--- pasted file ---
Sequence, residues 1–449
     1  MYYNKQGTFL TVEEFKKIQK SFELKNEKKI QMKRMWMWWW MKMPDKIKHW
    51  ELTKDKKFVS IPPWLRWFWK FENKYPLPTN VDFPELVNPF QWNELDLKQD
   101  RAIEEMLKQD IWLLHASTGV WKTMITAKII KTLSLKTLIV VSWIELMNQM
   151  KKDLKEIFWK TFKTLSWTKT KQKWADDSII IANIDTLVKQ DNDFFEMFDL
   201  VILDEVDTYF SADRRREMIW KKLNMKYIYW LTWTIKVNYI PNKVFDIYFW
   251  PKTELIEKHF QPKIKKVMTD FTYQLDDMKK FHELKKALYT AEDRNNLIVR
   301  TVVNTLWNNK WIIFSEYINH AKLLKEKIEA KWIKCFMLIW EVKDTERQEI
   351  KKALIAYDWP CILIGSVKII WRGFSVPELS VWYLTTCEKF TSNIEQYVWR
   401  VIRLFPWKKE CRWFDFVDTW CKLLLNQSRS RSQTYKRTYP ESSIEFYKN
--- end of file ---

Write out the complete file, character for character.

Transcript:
Sequence, residues 1–449
     1  MYYNKQGTFL TVEEFKKIQK SFELKNEKKI QMKRMWMWWW MKMPDKIKHW
    51  ELTKDKKFVS IPPWLRWFWK FENKYPLPTN VDFPELVNPF QWNELDLKQD
   101  RAIEEMLKQD IWLLHASTGV WKTMITAKII KTLSLKTLIV VSWIELMNQM
   151  KKDLKEIFWK TFKTLSWTKT KQKWADDSII IANIDTLVKQ DNDFFEMFDL
   201  VILDEVDTYF SADRRREMIW KKLNMKYIYW LTWTIKVNYI PNKVFDIYFW
   251  PKTELIEKHF QPKIKKVMTD FTYQLDDMKK FHELKKALYT AEDRNNLIVR
   301  TVVNTLWNNK WIIFSEYINH AKLLKEKIEA KWIKCFMLIW EVKDTERQEI
   351  KKALIAYDWP CILIGSVKII WRGFSVPELS VWYLTTCEKF TSNIEQYVWR
   401  VIRLFPWKKE CRWFDFVDTW CKLLLNQSRS RSQTYKRTYP ESSIEFYKN